What Are Clementines?

Buying, Cooking, and Recipes

Small oranges, whole with stems and one peeled and segmented

Westend61 / Getty Images

Clementines are small oranges that are seedless, easy to peel, and—when well grown and ripe—perfectly sweet to eat, too. They are grown on a hybrid variety of mandarin citrus trees that originated in either China or Algeria. Most clementines are grown in China, though Spain, Morocco, and California are famous for growing them as well. They're a favorite citrus snack for winter, and most often eaten raw as is or on top of salads and desserts. Well known by the kid-friendly names "Cuties" and "Sweeties," not only are clementines easy to eat, but they are also fundamentally cheery little fruits.

What Are Clementines?

Clementines are a type of mandarin orange. They're a hybrid of mandarin and sweet orange and very similar to other mandarins like tangerines, satsumas, and Ojai Pixies. Clementines are among the smallest orange varieties, almost perfectly round, and typically seedless. Add to that their honey-sweet taste and a thin skin that makes them easy to peel and separate into segments, and you have the perfect snack for children. It's no wonder that they're most often marketed in the U.S. as "Cuties" or "Sweeties" ("Halo" and "Darling" are other commercial names). Clementines are typically inexpensive.

Clementines have long been enjoyed in Europe, too. Their winter arrival at markets—most often from Spain or Morocco—is heralded with high spirits and good cheer. It's a tradition to buy and eat these bright, sunny fruits and let their sweet, floral aroma fill the house. They're also a common edible Christmas gift or centerpiece. Though Spain and Morocco still grow scads of clementines, most are now grown in China. There are substantial groves in California and Texas as well.

How to Use Clementines

The peel of a clementine almost slips right off. Very little, if any, of the pith clings to the fruit, and the membrane surrounding each section is delicate enough to be almost unnoticeable. Seeds are few and far between—many are even completely seedless.

You'll find these fruits to be fabulously portable and a sweet, refreshing snack in the middle of the day.​​​ Pack ​them in lunches or stick one in your purse or jacket pocket before heading out, and it will be ready whenever you need a quick bite. The segmented fruit can also be added to salads and desserts, sliced up and spritzed with lemon juice and sprinkled with mint, or used in the many ways you might use larger oranges. The fruit adds brightness to cakes, sweet bread, and other desserts as well as poultry marinades and glazes. Clementines are not particularly juicy—it would take a lot of them to yield a significant amount of juice—so they are best used as whole segments.

Fresh sweet mandarins in a bowl
Oxana Denezhkina / Getty Images
Clementines
James A. Guilliam / Getty Images
A bowl of clementine salsa with seasoned crackers
Renee Comet / Getty Images
Leafy green salad with orange segments, dried cranberries, and walnuts
Pjohnson1 / Getty Images
Fish with salad and oranges
A485 / Getty Images 

What Do They Taste Like?

Clementines are noticeably sweeter than most other varieties of oranges. There's almost no bitterness or sour flavor, which adds to their appeal.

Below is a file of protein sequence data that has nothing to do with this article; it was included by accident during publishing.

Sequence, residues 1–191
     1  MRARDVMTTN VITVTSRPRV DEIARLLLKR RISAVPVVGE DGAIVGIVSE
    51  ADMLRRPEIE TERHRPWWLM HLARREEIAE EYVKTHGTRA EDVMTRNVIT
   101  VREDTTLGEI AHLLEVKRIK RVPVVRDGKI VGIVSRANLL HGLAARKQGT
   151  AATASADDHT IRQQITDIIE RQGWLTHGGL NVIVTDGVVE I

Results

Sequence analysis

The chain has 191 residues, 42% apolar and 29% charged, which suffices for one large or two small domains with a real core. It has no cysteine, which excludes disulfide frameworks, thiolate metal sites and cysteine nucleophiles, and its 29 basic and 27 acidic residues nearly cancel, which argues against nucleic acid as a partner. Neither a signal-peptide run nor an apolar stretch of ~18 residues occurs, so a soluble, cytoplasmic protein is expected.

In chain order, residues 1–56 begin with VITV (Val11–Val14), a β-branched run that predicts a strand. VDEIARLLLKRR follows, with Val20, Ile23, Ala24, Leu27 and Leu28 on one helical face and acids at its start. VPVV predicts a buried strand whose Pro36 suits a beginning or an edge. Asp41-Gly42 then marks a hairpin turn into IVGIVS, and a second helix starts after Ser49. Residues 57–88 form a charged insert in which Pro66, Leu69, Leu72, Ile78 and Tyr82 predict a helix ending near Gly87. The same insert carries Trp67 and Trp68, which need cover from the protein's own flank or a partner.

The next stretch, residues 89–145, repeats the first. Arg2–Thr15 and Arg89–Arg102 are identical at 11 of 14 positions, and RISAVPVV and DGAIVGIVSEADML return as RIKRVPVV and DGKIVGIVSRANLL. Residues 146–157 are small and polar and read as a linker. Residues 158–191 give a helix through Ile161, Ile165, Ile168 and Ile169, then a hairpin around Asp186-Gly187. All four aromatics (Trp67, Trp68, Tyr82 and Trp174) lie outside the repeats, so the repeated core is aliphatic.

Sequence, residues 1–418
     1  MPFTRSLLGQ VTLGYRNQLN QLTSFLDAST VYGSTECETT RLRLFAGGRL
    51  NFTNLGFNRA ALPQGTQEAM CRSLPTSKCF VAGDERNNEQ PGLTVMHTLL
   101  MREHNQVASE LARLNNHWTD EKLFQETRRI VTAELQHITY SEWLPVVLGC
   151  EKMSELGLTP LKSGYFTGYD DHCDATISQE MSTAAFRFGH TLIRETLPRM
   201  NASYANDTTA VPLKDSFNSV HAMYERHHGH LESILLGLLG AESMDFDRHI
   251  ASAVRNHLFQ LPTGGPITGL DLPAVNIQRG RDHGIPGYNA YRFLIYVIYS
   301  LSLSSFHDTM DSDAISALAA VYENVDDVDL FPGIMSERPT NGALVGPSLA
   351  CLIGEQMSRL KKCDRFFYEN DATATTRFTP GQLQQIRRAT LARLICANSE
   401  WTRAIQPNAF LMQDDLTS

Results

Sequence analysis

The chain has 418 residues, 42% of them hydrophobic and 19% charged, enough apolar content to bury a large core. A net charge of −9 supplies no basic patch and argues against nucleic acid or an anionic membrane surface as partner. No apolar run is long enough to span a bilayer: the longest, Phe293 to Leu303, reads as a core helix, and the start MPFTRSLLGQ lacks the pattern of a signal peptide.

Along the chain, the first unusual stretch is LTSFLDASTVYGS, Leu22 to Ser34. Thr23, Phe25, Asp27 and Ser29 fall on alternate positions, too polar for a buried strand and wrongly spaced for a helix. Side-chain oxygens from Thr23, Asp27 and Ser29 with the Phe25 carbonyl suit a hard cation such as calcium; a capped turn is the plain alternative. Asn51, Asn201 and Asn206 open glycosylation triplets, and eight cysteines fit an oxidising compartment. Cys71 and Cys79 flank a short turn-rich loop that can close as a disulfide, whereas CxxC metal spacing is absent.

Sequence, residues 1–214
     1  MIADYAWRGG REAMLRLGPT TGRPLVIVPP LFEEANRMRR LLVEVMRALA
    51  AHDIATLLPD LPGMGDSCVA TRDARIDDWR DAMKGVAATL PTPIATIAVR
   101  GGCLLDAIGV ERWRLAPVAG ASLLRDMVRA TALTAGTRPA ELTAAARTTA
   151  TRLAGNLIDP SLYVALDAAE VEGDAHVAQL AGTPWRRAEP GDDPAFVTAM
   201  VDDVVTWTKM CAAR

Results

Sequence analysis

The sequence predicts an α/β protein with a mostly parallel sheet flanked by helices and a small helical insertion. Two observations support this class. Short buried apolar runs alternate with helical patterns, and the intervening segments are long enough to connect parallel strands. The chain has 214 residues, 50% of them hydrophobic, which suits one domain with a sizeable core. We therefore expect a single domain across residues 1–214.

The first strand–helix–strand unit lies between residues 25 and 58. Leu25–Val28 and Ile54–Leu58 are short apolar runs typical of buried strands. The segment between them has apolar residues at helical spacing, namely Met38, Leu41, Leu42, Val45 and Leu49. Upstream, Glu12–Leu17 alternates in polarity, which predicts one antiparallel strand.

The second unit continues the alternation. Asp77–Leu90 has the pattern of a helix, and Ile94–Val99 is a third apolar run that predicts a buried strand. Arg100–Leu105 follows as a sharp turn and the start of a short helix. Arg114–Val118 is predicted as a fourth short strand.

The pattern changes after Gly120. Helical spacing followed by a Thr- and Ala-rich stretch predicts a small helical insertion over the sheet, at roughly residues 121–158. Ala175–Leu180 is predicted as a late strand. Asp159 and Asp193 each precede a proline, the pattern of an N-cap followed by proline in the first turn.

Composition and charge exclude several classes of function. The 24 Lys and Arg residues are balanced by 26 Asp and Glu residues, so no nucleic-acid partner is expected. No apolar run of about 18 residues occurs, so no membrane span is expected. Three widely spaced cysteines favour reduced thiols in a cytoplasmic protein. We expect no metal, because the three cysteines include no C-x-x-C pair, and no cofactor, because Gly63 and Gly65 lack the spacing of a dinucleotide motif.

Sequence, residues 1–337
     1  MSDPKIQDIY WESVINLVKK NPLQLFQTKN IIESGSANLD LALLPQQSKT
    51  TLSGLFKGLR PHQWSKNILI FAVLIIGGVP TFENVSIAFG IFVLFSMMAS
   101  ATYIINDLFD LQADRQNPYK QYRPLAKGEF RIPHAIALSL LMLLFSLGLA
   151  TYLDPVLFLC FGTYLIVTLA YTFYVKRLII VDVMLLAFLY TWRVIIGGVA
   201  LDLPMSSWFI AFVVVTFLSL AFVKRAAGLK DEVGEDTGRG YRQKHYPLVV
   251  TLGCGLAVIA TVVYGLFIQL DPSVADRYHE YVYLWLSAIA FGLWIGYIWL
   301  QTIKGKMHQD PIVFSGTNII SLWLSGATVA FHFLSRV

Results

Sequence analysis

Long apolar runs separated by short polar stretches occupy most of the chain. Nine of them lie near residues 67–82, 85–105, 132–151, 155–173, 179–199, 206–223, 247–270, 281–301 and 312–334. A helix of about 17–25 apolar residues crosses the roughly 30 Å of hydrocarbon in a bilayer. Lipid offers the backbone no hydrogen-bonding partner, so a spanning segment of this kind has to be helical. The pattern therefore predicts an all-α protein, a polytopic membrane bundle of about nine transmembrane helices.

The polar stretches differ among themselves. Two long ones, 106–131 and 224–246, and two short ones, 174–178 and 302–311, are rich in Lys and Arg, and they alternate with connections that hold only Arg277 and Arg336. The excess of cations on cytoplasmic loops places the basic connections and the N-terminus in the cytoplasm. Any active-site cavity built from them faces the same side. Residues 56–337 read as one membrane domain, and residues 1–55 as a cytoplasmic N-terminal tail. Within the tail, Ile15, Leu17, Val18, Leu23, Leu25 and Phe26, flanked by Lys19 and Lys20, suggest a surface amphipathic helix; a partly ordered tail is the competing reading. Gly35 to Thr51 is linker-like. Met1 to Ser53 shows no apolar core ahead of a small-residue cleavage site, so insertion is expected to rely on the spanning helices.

Clementine Recipes

If you tire of just peeling and eating clementines out of hand, there are many great uses for them in the kitchen. Use them as a substitute for other oranges or add clementine sections to tossed or fruit salads. They're even a delicious treat when dipped into yogurt or melted chocolate.

Where to Buy Clementines

It's easy to find clementines in most markets; just look for the small, almost perfectly round oranges. They're not expensive and are sold in small crates, boxes, or bags, especially around Christmastime. The citrus fruit's association with the holiday season is a reasonable one as they are in season from late November through January. Though clementines are generally a winter fruit, their popularity has led them to be available year-round. You might notice them labeled as "Summer Cuties" during the warmer months, which indicates that the fruit was grown in the Southern Hemisphere. Clementines can be grown at home—planted outside in warm climates (zones 9 to 11) or in indoor containers in cold regions—and it's easy to start the plant from seeds. The fruit yield will be minimal for potted trees, and you may need to hand-pollinate the flowers.

Select clementines with a shiny, uniformly colored skin that is bright orange and blemish free. The fruit should be soft and bounce back when gently squeezed, and the skin should be fragrant. Avoid any that are too firm or seem too lightweight for their size.

Storage

Store clementines in a cool place but don't refrigerate them. As with all citrus, don't store clementines in plastic, either. It will make them sweat and spoil much quicker than they would when just left out to breathe in a bowl on the table. Clementines last for several weeks after they're picked as long as they are kept relatively cool and out of too much direct sunlight.

Nutrition and Benefits

Clementines may be small, but they offer the same nutritional benefits as other oranges. They're an excellent source of vitamin C, potassium, and folic acid while contributing almost no fat and zero cholesterol to your diet. Adding them to your winter diet can help boost your immune system and ward off illness or help you recover from one more quickly.

Clementines vs. Satsumas

Clementines and satsumas are two very closely related orange varieties. The clementines are more popular in the U.S. and the satsumas in the U.K. Not quite as sweet or fragrant, satsumas have slightly thicker skin, are not as round, and are available a little earlier in the year. Quite often, you'll find satsumas with a couple of leaves attached.